What is for certain is there is abundant uncertainty regarding the economic forecast for 2020. The growth rate of real GDP is expected to be less than 2019. According to a recent article examining the U.S. economy's future trends, one-third of economists surveyed in Q3-2019 forecast recession in 2020 with another 30% predicting recession well into 2021. Based on this information, it is safe to say we are in the midst of a slow-down that is likely to continue for the next 12-24 months.
Are we at the threshold of another great recession? No. This slowdown is likely more reminiscent of the mild 2000-2001 recession.
Although the US economy’s growth is slowing, overall it remains relatively robust.
What is contributing to a more sluggish economy?
- Trade and political tensions. The world’s two largest economies are engaged in a bitter trade battle. Tariffs have adversely impacted businesses and the global economy.
- Disruptions caused by Brexit. Ongoing uncertainty on financial markets caused by the UK’s exit from the European Union continue to impact the US economy.
- Decelerated growth in consumer spending. Consumer spending is still strong, but the pace has decelerated over the past twelve months.
- Coronavirus. Spread of the virus is coinciding with Chinese New Year and causing a slow-down of the economy as factories are closed for the holiday. With production at a halt, travel restrictions within China, and airlines cancelling flights to China from the U.S. and other countries the adverse impact on tourism and commerce is felt worldwide.
How are these factors impacting providers and users of Third-Party Warehousing (3PL) services?
- Rents are expected to increase 5% in 2020. Vacancy rates in the US industrial market will remain low especially as proliferation of ecommerce and last mile distribution centers continue to penetrate the industrial warehousing landscape.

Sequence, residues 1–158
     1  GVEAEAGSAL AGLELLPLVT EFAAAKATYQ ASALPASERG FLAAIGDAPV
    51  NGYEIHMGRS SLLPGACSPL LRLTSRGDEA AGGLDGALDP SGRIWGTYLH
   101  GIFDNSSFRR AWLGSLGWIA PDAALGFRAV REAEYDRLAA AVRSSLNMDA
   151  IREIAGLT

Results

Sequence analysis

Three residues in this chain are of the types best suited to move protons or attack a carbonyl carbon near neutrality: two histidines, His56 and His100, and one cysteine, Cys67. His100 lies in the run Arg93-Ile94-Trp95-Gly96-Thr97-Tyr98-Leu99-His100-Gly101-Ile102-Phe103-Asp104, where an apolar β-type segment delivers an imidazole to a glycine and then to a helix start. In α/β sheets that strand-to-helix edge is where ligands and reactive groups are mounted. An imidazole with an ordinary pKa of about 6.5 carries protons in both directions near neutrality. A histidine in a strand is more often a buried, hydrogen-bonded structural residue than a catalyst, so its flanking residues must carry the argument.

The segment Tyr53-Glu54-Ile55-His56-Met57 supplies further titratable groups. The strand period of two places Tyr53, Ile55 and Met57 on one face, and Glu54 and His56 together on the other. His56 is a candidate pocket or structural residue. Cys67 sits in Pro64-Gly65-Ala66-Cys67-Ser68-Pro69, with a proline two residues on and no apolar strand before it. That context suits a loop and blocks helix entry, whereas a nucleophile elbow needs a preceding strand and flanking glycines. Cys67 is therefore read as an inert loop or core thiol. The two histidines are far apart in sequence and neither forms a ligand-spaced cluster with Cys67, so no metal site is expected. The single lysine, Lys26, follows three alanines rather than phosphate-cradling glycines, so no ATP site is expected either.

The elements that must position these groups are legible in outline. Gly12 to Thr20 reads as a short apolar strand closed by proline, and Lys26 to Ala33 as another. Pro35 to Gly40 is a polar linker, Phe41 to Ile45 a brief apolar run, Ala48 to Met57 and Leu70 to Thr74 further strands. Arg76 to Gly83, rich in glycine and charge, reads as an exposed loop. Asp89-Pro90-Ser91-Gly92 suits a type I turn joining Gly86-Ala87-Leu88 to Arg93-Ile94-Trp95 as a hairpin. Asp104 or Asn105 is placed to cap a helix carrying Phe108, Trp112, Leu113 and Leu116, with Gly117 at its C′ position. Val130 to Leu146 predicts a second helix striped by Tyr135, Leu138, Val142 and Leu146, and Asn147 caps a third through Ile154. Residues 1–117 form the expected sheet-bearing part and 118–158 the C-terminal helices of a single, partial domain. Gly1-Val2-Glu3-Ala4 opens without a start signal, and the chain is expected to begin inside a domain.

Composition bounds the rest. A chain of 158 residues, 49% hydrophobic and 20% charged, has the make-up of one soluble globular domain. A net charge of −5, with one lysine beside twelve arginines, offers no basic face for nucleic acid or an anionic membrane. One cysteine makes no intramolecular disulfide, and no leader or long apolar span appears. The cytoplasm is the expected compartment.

- Growth will continue in the 3PL sector. Complexity of ecommerce supply chains has these companies turning to the third-party logistics sector as ecommerce companies outsource distribution direct to consumers. Furthermore as traditional retail distribution engages more innovation and technology to improve productivity and efficiency, they too are increasingly turning to 3PL Warehousing companies.
- Shippers must find ways to drive out costs and improve efficiency. According to Rob Levin, Principal at Republic Partners, “Growth in the third-party sector will continue as Shippers need to drive out costs, maintain flexible supply chains in the face of shifting geopolitics, and plan for global events (even including weather). Shippers must maintain dependability, develop true end to end solutions, be visibility responsive to consumer needs, and use data, technology and execution to drive revenue growth.”
- Unemployment is expected to remain at unprecedented low levels. Low unemployment and the Amazon effect have made talent acquisition and retention more challenging driving up wages and turnover rates.
Critical to watch is the undercurrent of a decline in consumer spending that will directly impact the overall economy and industrial markets. However, uncertainty can have positive benefits for the 3PL segment as companies will look to further outsource their operations and supply chains.
The Shippers Group offers multi-client and contract third-party warehousing for traditional retail and ecommerce companies across the US. Learn more about The Shippers Group's locations and services by clicking here.